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Increased transsulfuration mediates longevity and dietary restriction in Drosophila

The mechanisms through which dietary restriction enhances health and longevity in diverse species are unclear. The transsulfuration pathway (TSP) is a highly conserved mechanism for metabolizing the sulfur-containing amino acids, methionine and cysteine. Here we show that Drosophila cystathionine β-... Full description

Journal Title: Proceedings of the National Academy of Sciences of the United States of America Oct 4, 2011, Vol.108(40), p.16831
Main Author: Kabil, Hadise
Other Authors: Kabil, Omer , Banerjee, Ruma , Harshman, Lawrence , Pletcher, Scott
Format: Electronic Article Electronic Article
Language: English
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ID: ISSN: 00278424
Link: http://search.proquest.com/docview/896699872/?pq-origsite=primo
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title: Increased transsulfuration mediates longevity and dietary restriction in Drosophila
format: Article
creator:
  • Kabil, Hadise
  • Kabil, Omer
  • Banerjee, Ruma
  • Harshman, Lawrence
  • Pletcher, Scott
subjects:
  • Proteins
  • Insects
  • Signal Transduction
  • Diet
  • Physiology
ispartof: Proceedings of the National Academy of Sciences of the United States of America, Oct 4, 2011, Vol.108(40), p.16831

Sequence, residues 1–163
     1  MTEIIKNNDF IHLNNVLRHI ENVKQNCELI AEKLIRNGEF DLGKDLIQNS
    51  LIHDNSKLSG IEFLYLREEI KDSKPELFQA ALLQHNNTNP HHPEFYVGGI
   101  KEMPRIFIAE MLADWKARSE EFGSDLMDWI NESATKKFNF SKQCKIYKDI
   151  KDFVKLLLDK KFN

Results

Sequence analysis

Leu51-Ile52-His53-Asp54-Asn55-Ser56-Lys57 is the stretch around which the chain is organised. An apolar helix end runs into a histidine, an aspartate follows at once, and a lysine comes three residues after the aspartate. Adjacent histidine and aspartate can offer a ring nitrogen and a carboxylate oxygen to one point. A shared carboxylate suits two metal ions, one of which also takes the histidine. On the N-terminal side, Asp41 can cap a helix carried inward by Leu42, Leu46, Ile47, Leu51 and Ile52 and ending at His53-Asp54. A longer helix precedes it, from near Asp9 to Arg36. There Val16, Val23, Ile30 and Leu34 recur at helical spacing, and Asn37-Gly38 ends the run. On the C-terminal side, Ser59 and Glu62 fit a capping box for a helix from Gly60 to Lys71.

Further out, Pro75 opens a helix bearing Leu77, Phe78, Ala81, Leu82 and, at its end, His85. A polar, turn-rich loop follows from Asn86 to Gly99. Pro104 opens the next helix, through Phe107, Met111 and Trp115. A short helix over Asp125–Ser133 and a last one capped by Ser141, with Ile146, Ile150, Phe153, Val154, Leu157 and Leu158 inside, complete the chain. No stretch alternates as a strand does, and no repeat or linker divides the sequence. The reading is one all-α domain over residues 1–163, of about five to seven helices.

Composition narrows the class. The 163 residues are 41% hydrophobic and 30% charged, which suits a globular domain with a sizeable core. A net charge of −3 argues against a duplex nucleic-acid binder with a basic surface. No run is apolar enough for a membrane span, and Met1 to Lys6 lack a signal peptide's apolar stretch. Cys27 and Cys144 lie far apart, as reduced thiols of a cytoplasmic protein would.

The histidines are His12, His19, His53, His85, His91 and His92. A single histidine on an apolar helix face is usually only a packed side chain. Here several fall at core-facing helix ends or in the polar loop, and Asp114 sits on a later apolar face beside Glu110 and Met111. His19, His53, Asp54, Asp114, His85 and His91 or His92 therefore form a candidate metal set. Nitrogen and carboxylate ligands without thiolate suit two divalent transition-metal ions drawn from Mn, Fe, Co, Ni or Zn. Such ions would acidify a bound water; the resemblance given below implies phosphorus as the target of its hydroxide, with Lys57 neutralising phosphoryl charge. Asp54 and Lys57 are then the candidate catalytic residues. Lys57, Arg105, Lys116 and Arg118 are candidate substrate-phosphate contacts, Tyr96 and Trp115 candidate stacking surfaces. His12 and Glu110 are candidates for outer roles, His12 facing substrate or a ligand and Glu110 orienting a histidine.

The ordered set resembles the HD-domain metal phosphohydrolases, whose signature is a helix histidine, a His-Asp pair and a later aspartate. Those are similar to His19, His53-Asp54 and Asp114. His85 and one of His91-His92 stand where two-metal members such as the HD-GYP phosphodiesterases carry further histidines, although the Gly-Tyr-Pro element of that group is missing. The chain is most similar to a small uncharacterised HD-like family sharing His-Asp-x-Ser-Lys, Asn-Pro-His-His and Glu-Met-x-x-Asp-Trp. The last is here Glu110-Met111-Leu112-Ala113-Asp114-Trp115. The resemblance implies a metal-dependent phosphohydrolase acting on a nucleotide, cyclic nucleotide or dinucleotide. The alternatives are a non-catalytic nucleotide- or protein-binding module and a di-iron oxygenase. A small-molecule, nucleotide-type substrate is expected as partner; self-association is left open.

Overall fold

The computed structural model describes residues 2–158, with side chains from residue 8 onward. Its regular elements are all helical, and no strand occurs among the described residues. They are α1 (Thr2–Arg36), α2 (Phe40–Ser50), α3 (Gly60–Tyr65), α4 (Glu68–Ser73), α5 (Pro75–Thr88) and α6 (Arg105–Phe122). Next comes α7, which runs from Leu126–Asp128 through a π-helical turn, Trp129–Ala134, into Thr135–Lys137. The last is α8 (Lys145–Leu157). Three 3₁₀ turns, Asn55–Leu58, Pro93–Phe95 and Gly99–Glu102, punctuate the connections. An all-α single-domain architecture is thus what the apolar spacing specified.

description: The mechanisms through which dietary restriction enhances health and longevity in diverse species are unclear. The transsulfuration pathway (TSP) is a highly conserved mechanism for metabolizing the sulfur-containing amino acids, methionine and cysteine. Here we show that Drosophila cystathionine β-synthase (dCBS), which catalyzes the rate-determining step in the TSP, is a positive regulator of lifespan in Drosophila and that the pathway is required for the effects of diet restriction on animal physiology and lifespan. dCBS activity was up-regulated in flies exposed to reduced nutrient conditions, and ubiquitous or neuron-specific transgenic overexpression of dCBS enhanced longevity in fully fed animals. Inhibition of the TSP abrogated the changes in lifespan, adiposity, and protein content that normally accompany diet restriction. RNAi-mediated knockdown of dCBS also limited lifespan extension by diet. Diet restriction reduced levels of protein translation in Drosophila, and we show that this is largely caused by increased metabolic commitment of methionine cycle intermediates to transsulfuration. However, dietary supplementation of methionine restored normal levels of protein synthesis to restricted animals without affecting lifespan, indicating that global reductions in translation alone are not required for diet-restriction longevity. Our results indicate a mechanism by which dietary restriction influences physiology and aging. [PUBLICATION ]
language: eng
source:
identifier: ISSN: 00278424
fulltext: fulltext
issn:
  • 00278424
  • 0027-8424
url: Link


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titleIncreased transsulfuration mediates longevity and dietary restriction in Drosophila
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subjectProteins ; Insects ; Signal Transduction ; Diet ; Physiology